By 2016, eight years into his career, Keeve Tan was already enjoying considerable success in the banking sector. He was working in exchange traded derivatives within the global markets team at UOB in Singapore, and he’d reached vice president level.
But Tan wanted to make sure his skills stayed relevant for a long-term career in banking.
“I had financial markets expertise, but I needed broader business knowledge and leadership skills,” he explains. “In banking your career now ultimately depends on those things – not just on your technical abilities in your specific function.”
Tan soon decided on a new plan of action for his career: he would start an MBA at the Lee Kong Chian School of Business, part of Singapore Management University (SMU).
“When I first looked at the curriculum I saw how relevant it is to me as a professional looking to enhance my career in Asia,” he adds. “I was pleasantly surprised to see that innovative modules like ‘technology-enabled business’ and ‘creative and critical thinking’ were available.”
Tan, who graduates from the 18-month programme later this year, says he particularly enjoys participating in the case studies that form an integral part of the 18 modules in the SMU MBA.
“The school really focuses on practical case studies, not just theory. As a student, I’ve got so much more out of debating the issues with my peers in case study groups, rather than simply reading text books,” says Tan.
SMU has also been pioneering writing Asian case studies to complement Western-based ones.
“That’s a big advantage SMU has over many other business schools, which don’t look so much at Asia,” says Tan. “The challenges facing companies in the West and in Asia are vastly different, as are the challenges within the Asian region itself.”
“For example, one of our recent case studies was about how US food giant Kraft had to change strategies to rescue its Oreo biscuits brand in China because of huge differences between American and Chinese consumer behaviour. Even an iconic American product can face failure in Asia.”
But how applicable are biscuits to Tan’s industry, banking? “I wouldn’t want to just do financial case studies or be in a class that’s full of bankers. I’m learning more from studying other sectors – banking is ultimately about service to customers, so we can take lessons from all sorts of businesses.”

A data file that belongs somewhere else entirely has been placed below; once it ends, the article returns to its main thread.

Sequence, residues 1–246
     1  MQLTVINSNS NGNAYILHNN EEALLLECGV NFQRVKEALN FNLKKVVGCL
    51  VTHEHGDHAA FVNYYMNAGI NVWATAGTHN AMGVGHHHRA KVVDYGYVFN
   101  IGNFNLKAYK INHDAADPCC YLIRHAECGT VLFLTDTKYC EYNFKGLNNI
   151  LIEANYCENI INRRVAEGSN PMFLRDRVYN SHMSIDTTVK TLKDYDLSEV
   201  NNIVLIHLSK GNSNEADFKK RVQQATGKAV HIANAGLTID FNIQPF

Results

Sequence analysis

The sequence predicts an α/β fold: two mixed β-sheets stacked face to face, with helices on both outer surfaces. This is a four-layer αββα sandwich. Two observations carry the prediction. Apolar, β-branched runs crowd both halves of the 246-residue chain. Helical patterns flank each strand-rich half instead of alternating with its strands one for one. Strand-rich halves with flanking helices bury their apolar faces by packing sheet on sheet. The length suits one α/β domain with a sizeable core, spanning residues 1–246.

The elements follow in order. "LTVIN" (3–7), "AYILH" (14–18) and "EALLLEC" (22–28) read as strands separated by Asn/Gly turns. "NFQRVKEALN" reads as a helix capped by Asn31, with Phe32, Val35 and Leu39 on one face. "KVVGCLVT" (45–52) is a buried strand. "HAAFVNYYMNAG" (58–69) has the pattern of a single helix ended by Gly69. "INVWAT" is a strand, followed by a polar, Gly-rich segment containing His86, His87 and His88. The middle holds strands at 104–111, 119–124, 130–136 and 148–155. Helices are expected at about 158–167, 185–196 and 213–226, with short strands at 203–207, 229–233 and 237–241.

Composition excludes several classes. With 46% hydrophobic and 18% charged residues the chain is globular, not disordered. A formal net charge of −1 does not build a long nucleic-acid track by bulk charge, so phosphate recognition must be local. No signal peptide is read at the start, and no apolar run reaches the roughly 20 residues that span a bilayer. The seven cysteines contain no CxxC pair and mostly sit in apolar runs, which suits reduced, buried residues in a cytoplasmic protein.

“When you’re in a case study group at SMU you interact with people from different backgrounds,” says Tan. “You hear opinions that make you rethink your preconceived ideas and you bring all these ideas and opinions together to come up with a solution. The communication and leadership skills you learn are very relevant to careers in banking.”
Tan is also learning other hard and soft skills at SMU that are helping him on the job. He says he particularly enjoyed the marketing module, one of the core components of the degree.
“Before SMU I took marketing for granted and thought it was an expense that would be the first thing we’d cut in any downturn. Now through real-life case studies during the MBA I see how investing in marketing is crucial to the bottom line and can help turn businesses around.”
Two other compulsory courses, operations management and financial accounting, have changed the way Tan thinks about his work.
“They’ve broadened my knowledge of what the finance and operations teams do at my bank,” he says. “Until recently I’ve mainly made decisions from a front-office perspective; now I take the back-office into account. I’m not an expert, but I better understand their challenges, and I have a more holistic understanding of the bank when I contribute to business meetings.”
Tan says doing the SMU degree part-time is a big advantage when it comes to implementing his new knowledge.
“If I get an idea from an MBA class on Tuesday night, I can start making a change in my team on Wednesday. Then I can see how it’s working out and ask my professors for feedback – they’re always happy to discuss work-related issues. I learn from my classes and improve my work performance on an ongoing basis.”